Why did she break up with me?

Originally Published: February 14, 1997 - Last Updated / Reviewed On: March 26, 2014
Share this

Dear Alice,

I don't know what I did wrong. My girlfriend of one and a half years broke up with me out of the blue. We never fought or argued. I asked her why, she said "I don't know." I asked her what did I do wrong and she said "nothing." She was my first ever girlfriend and I was planning to ask her to marry me. I don't understand what I did wrong. There has to be a reason. Why won't she tell me?

Dear Reader,

Breaking up is hard to do, especially when you are the one left wondering what went wrong. This must be a tough time for you, especially considering that you were planning on proposing. It can appear challenging to start over when you thought you had your life all squared away. But start over you must! Have faith and believe in yourself — it will become easier with time.

What really matters is that you realize you did nothing wrong and that you couldn't have prevented the break up. In order to heal, it may help to have a sense of closure. Why it ended needs to be clear to you; otherwise, you may have doubts about the relationship and yourself for a long time. Do you feel comfortable letting your ex-girlfriend know that an explanation, or one reason, for breaking up with you will help you to go on with your life? Even if it has nothing to do with you, you deserve to know at least part of the reason why. It is possible that she may not even know why she broke up with you.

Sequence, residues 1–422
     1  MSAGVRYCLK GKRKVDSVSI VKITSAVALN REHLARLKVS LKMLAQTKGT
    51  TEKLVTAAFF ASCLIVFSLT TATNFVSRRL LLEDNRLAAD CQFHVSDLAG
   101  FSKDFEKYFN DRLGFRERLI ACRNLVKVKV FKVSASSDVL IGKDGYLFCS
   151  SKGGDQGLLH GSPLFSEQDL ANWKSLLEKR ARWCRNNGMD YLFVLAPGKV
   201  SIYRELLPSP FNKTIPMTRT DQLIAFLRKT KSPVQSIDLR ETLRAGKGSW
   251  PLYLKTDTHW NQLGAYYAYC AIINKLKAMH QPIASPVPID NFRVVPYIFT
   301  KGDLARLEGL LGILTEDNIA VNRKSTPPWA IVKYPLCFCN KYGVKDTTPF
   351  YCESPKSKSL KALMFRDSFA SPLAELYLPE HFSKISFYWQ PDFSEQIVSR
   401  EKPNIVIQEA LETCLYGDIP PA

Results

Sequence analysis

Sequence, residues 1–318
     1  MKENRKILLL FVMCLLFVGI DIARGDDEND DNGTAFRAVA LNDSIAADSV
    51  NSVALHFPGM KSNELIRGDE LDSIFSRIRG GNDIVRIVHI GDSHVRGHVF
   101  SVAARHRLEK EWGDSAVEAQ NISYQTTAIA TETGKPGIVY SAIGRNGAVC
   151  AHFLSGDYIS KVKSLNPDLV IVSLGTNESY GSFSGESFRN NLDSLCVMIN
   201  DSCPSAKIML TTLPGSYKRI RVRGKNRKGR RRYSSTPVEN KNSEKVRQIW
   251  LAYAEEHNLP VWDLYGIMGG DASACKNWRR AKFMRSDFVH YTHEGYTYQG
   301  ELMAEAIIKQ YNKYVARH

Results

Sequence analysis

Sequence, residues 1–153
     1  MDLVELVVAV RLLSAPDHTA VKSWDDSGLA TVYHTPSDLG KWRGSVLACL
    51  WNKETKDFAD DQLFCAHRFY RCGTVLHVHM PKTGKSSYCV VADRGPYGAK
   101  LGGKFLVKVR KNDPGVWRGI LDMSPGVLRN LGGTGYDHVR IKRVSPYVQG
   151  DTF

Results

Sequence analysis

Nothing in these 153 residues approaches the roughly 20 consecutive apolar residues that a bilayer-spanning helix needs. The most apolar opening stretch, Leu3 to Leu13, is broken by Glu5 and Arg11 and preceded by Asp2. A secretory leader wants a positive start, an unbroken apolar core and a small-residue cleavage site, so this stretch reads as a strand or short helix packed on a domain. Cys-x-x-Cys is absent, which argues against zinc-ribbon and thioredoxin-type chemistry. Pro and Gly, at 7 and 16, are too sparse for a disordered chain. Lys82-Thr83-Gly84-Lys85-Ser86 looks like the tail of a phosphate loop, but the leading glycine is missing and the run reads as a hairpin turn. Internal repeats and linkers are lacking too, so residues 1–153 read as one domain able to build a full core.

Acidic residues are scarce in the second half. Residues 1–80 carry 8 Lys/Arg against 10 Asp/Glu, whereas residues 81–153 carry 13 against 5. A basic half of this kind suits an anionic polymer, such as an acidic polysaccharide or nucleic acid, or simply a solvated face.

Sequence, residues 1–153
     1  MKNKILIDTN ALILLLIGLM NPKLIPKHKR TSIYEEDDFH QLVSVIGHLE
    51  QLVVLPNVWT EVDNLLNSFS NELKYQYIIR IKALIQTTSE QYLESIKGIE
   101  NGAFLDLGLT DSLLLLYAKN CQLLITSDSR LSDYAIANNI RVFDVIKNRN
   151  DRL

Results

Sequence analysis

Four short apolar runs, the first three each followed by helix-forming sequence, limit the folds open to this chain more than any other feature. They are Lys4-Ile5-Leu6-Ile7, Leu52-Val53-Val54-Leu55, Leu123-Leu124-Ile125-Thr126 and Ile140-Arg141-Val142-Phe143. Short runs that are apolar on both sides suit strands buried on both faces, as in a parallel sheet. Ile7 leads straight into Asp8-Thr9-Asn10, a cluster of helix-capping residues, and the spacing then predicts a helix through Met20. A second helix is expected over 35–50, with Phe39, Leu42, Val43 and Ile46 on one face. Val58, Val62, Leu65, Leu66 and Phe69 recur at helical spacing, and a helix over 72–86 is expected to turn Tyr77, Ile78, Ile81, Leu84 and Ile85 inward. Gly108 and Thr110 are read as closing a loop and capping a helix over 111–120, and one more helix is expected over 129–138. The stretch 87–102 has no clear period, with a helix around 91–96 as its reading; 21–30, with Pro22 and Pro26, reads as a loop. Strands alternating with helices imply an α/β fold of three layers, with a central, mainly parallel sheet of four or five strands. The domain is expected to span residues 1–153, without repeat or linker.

Have you considered the possibility that your ex-girlfriend may not be willing to speak to you? Perhaps she needs some personal space and time to reflect on her needs and desires. While unpleasant to think about, it is always good to have a back-up plan in case she won't give you an answer. Your family and friends may help you to reaffirm your self-confidence and move forward in life and new fulfilling relationships.

Although you need to grieve for this loss, make sure that it doesn't consume you. You may want to participate in activities that you enjoy to keep your mind off of your lost love or perhaps introduce you to new and exciting people. Perhaps you can talk with friends and family about how you feel. For many knowing that people in your life love, support, and care about you can be comforting. If you are a student at Columbia, you can make an appointment with Counseling and Psychological Services (Morningside) or the Mental Health Service (CUMC) to get some additional perspective on your current situation.

Know that you will be okay on your own, and that someday, you may meet that special someone who will feel the same way as you do about sharing your lives together.

Alice